If a three-base error falls in the corner off Eloy Jimenez’s glove and nobody is there to yell obscenities, did it actually happen?
The Cubs and White Sox might be about to find out this weekend, when the most intriguing crosstown series since Lou Piniella and Ozzie Guillen wore Chicago uniforms plays out at Wrigley Field, starting Friday night.
“It’s definitely going to be different,” Cubs right fielder Jason Heyward said. “It’s going to be a lot more quiet.”
Of all the series the Cubs will play at home during this 60-game season, this is the one most impacted by the COVID-19-related ban on fans in the stadium.
Because whatever the quality of the teams on the field or the faux excitement players express into cameras and microphones annually about the series, the intensity of this “rivalry” has always been about the intensity of the fans in the best two-team town in baseball.
“It’s going to be weird,” Cubs infielder David Bote said. “We had that [exhibition last month], and even that felt weird. You’re looking around, and, I don’t know, waiting for the fights to break out, I guess.”
Fights in the stands. Rival loyalties within inter-team marriages displayed by couples in opposing gear. And extra hordes of media to hype and pander to it all for three days of over-the-top shows of team pride and emotional spectacle.
These teams this year arrive at the doorstep of their annual fan grudge-fest at a time the teams are finally good enough on both sides of town — with interesting enough talent and personalities on both rosters — to stoke genuine visions of October chances for both.
It’s been 12 years since both teams made the playoffs in the same season.
And this series arrives at a civic and national moment fans could use the distraction most.
“My heart goes out to the city because they don’t get to come out and enjoy that,” Heyward said.
Except for a smattering of fans on rooftops, safe-distancing across the street from the bleachers, the silence will be especially deafening for this series than it has been for any of the others at Wrigley this year, including the just-completed five-gamer against the Cardinals.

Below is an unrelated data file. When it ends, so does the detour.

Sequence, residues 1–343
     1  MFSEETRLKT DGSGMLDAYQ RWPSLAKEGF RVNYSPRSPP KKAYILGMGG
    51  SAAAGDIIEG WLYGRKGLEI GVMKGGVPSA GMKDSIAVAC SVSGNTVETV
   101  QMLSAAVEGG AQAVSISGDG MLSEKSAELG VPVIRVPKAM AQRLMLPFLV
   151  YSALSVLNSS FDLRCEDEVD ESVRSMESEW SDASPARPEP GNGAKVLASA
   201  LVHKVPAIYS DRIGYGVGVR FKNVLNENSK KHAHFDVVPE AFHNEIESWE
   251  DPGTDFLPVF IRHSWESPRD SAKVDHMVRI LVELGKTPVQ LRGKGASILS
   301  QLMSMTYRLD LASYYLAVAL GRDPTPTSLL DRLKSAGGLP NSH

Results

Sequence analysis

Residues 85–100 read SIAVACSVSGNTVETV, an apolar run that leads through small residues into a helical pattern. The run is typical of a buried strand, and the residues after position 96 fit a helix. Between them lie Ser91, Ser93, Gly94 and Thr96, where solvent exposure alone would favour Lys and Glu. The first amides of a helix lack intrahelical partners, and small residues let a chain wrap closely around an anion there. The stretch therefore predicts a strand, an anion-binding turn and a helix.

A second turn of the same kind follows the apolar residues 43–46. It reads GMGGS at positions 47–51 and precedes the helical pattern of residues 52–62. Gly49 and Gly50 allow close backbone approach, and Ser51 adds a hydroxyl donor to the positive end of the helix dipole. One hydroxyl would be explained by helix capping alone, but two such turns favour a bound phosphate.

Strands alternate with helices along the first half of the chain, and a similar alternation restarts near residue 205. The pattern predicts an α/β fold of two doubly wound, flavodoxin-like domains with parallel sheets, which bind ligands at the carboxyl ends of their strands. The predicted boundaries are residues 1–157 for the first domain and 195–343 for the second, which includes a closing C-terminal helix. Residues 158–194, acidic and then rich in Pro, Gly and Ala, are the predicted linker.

“Just in general the fans are greatly missed, the energy they bring,” Cubs manager David Ross said. “Obviously, the crosstown rivalry stuff is always just a little extra. You feel that.”
This year’s series already comes with a little extra in terms of legitimate playoff hopes at stake for both teams — with 10 percent of their schedules represented in the six games they’ll play against each other — as well as the combined talent on the rosters, mostly because of the influx of exciting young talent on the South Side.
The Sox, with former Cy Young winner Dallas Keuchel starting the opener against Jon Lester Friday, are locked in a three-way race atop the American League Central approaching the halfway mark in the season. The Cubs, at 16-8, have the second-best record in the National League and as big a division lead as anyone in baseball after winning three of five against the Cardinals this week.
The Sox have a batting champion in shortstop Tim Anderson and one of the game’s most exciting and powerful rookies in center fielder Luis Robert.
The more veteran Cubs have an early MVP candidate in center fielder Ian Happ and Cy Young candidate in Yu Darvish.
“I think it still really matters,” Ross said. “I’ve got buddies from being in the city a little bit that are White Sox fans or are anxious about the series coming up.”
It definitely matters when it comes to what the games mean disproportionately this time around with such a short schedule. And the Cubs, for one, don’t have as many games left against anybody else that looks as much like a playoff contender.
“We’re going to go out here and try to get after the team that has a lot of expectations, and rightfully so,” Heyward said.
Even if the biggest impact players in the city aren’t allowed into the ballpark.
“You miss it,” Bote said. “You miss the electric, you miss the feel, you miss the chants, you miss the oohs and the aahs and the silence and the beer vendors and all the things that you love to hear at a ballpark. It’s definitely something you miss.
“It just stinks.”